Salmond wants independence in the UK

I’ve been trying to make sense of the ever changing models of independence put forward by the SNP and have come to the conclusion that what they want amounts to “Independence in the UK”. Of course they’re not using that slogan, but it pretty much equates to the vision they are putting forward of an independent Scotland.
 
The SNP want to maintain a currency union with the rest of the UK post independence. They want the Bank of England to act as Scotland’s central bank and lender of last resort. They want to maintain many of the UK national institutions, such as the DVLA, and they want to maintain a “Social union” of the the countries, which make up the UK. Most important of all they want to maintain the monarchy, the union of the crowns, which has existed since 1603. Logically this would mean they would maintain the Union Flag introduced by James VI.

 

I’ve been trying to come up with an example of an analogous relationship between countries. The closest I can get is the relationship between Denmark and the Faeroe Islands, but that does not work as the Faeroe islands are autonomous, but are not independent.

 

Perhaps a model might be the relationship that Puerto Rico has to the United States. It too has autonomy, as an unincorporated part of the United States, but likewise it is not independent.

 

The more I think about it, the more I come to the conclusion that what Alex Salmond is offering the Scottish people is not independence at all, but rather autonomy within the UK.

 

The condition for being in a currency union with the rest of the UK would certainly be that the rest of the UK’s chancellor would have a say and in the end a veto over the Scottish budget. Scotland would raise all of its own taxes, would receive a greater share of oil revenues, but would lose the money from the Barnett formula. It would be regulated both by London and by Brussels, assuming Scotland would remain an EU member, not least because London and Brussels are going to exact a price for cooperating so fully with Mr Salmond’s dream.

 

For the life of me I can’t see the advantage. At the moment  we in Scotland have representation   both in Edinburgh and in London. Being “Independent in the UK” means we would only have representation in Edinburgh, but would still be regulated on financial matters by London.

Moreover we know that currency unions have a tendency  to bring their members into an ever closer fiscal and political union. Scotland would  still have elastic bands tying it to London, but would no longer  have the parliamentary representation to have its say there.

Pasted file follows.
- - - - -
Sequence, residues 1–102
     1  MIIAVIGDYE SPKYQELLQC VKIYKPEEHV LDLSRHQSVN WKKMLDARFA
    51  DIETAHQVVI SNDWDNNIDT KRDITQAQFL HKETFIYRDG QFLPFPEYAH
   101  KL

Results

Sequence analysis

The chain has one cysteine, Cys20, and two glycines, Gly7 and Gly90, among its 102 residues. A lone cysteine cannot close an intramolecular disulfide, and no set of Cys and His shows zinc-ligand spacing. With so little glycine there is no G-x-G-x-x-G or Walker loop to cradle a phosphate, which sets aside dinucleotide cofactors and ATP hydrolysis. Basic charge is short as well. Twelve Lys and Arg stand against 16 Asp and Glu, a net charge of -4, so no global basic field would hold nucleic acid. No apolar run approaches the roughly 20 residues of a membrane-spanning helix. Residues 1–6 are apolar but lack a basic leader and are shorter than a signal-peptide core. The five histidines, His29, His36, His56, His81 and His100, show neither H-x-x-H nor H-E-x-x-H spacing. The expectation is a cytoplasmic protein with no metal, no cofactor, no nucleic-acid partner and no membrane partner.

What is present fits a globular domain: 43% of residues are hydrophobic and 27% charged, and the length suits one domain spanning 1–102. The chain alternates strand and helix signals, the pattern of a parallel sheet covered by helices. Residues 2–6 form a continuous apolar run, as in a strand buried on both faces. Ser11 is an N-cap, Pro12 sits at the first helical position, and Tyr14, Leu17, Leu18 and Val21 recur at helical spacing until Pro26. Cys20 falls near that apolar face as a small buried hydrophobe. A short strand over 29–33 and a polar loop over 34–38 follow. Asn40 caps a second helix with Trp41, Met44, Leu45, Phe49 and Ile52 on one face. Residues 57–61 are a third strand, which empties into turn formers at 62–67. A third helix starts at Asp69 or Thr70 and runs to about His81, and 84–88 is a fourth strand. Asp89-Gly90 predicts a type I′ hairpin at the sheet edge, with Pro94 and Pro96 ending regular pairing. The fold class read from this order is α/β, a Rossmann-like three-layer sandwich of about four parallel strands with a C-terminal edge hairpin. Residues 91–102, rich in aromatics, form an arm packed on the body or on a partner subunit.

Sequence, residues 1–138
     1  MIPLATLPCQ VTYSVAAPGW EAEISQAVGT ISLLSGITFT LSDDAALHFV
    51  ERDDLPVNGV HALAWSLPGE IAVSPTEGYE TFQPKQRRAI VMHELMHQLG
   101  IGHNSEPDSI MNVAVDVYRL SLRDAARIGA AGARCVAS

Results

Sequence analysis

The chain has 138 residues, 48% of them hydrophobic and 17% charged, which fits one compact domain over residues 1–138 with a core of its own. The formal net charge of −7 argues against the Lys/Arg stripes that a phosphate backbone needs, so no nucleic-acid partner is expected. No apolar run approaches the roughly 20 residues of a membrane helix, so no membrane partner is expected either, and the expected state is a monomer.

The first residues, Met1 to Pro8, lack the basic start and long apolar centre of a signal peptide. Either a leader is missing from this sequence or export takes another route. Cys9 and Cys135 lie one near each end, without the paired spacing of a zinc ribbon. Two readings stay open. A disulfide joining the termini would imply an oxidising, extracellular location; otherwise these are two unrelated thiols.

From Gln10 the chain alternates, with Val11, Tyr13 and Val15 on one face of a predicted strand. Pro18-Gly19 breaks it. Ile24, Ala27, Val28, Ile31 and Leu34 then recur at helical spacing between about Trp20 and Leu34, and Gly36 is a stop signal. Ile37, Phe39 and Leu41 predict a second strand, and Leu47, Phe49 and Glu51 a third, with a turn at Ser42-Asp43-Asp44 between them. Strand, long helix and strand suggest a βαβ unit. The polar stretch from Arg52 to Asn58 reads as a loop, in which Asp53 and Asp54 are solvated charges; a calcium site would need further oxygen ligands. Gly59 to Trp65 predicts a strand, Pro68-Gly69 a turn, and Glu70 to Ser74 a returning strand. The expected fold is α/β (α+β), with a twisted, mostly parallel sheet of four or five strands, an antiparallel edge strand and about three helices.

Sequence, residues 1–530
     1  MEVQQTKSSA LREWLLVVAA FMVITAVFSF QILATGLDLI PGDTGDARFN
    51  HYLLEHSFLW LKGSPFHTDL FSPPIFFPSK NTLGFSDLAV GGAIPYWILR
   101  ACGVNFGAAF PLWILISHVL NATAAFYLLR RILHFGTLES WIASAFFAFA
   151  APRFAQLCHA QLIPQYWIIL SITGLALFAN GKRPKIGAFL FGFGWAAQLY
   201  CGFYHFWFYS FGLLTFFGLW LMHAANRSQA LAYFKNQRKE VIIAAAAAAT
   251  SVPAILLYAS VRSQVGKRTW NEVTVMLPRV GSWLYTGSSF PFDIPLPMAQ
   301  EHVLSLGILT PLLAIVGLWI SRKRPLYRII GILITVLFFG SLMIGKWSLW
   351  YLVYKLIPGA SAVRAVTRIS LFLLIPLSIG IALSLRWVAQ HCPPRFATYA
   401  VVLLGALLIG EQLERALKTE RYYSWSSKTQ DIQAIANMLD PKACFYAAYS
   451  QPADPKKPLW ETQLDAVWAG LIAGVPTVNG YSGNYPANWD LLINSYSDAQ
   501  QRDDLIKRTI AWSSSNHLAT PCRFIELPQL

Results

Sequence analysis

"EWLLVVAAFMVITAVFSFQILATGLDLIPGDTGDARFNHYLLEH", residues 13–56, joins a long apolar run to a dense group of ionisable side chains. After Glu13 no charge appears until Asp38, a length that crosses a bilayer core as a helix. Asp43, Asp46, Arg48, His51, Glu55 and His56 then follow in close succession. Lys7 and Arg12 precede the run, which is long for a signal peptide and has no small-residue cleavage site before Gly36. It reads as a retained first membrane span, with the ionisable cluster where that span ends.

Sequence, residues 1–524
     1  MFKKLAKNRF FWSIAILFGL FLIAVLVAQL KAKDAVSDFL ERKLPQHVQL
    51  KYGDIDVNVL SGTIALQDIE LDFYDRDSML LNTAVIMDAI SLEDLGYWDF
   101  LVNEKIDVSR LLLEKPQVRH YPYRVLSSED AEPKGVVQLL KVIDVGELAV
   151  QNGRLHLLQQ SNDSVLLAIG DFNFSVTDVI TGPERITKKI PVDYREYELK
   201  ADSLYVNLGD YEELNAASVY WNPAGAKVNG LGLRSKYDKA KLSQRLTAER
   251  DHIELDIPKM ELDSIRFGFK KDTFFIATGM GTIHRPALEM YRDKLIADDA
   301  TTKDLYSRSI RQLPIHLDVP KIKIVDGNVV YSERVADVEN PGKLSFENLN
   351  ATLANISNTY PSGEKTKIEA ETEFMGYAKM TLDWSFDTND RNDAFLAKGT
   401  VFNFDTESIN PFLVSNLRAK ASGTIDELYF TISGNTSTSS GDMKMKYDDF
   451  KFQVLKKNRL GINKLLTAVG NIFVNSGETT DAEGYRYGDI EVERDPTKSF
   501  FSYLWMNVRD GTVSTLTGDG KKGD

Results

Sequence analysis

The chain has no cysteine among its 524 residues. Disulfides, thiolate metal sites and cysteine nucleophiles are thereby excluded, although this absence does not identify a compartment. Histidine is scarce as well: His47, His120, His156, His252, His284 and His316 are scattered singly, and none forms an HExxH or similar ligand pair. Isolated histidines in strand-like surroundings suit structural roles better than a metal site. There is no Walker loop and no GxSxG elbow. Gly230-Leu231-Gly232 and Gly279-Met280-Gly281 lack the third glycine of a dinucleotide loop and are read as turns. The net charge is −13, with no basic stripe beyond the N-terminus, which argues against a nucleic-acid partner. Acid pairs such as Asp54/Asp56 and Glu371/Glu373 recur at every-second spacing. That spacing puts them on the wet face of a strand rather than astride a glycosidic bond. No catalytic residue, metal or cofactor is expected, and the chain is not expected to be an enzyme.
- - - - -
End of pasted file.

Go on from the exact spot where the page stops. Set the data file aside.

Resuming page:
Alternatively if Scotland strove  to maintain real independence in this currency union with the rest of the UK, the likelihood is that eventually the tensions would be so great that Scotland would be forced out, leading to a messy exist and devaluation on the lines that looks likely for Greece.

 

Salmond’s is offering a vision of independence, which is as close as is possible to remaining in the union so that he can gain as much support as possible from those Scots who otherwise would be scared of independence. But it is not clear that this model of independence is something he is really able to offer. The reason is that the relationship between Scotland and the rest of the UK post independence, would not be a matter solely for Mr Salmond, but would also be a matter for whoever at that time led the rest of the UK. What would they gain from having a semi-detached autonomous/independent Scotland? We know the difficulties in the Eurozone of having independent countries who are in a monetary, but not a fiscal, nor political union. Why would the rest of the UK put itself in the position of Germany in relation to Scotland’s Greece. What if the rest of the UK reacts to Scotland’s independence by saying goodbye, but don’t expect any cooperation from us. The trouble with “Social Unions” is that they require that both sides want to cooperate. I doubt there would be much goodwill towards Scotland if there really were a divorce.

 

Independence within the UK is the latest  attempt by the SNP to kid the Scottish public that independence would only amount to nice things, like a UN seat and some extra flag waving, but we really need to hear from the leaders of the rest of the UK before we can be sure what a post independent Scotland, in a currency union with  the rest of the UK, would be like, for the nature of such a relationship would not  solely be up to Mr Salmond no matter how much he likes to dictate.

 

In the meantime might not supporters of independence reflect on what they are being offered. Does it not seem just a bit faint hearted. Even tiny Latvia and Lithuania set up their own currencies post independence. Can Scotland really not manage its own currency, set up its own central bank? Is the desire for independence so shallow, so lacking in courage that we can’t even emulate far away countries of which we know nothing. It all seems slightly humiliating when you put  it like that.

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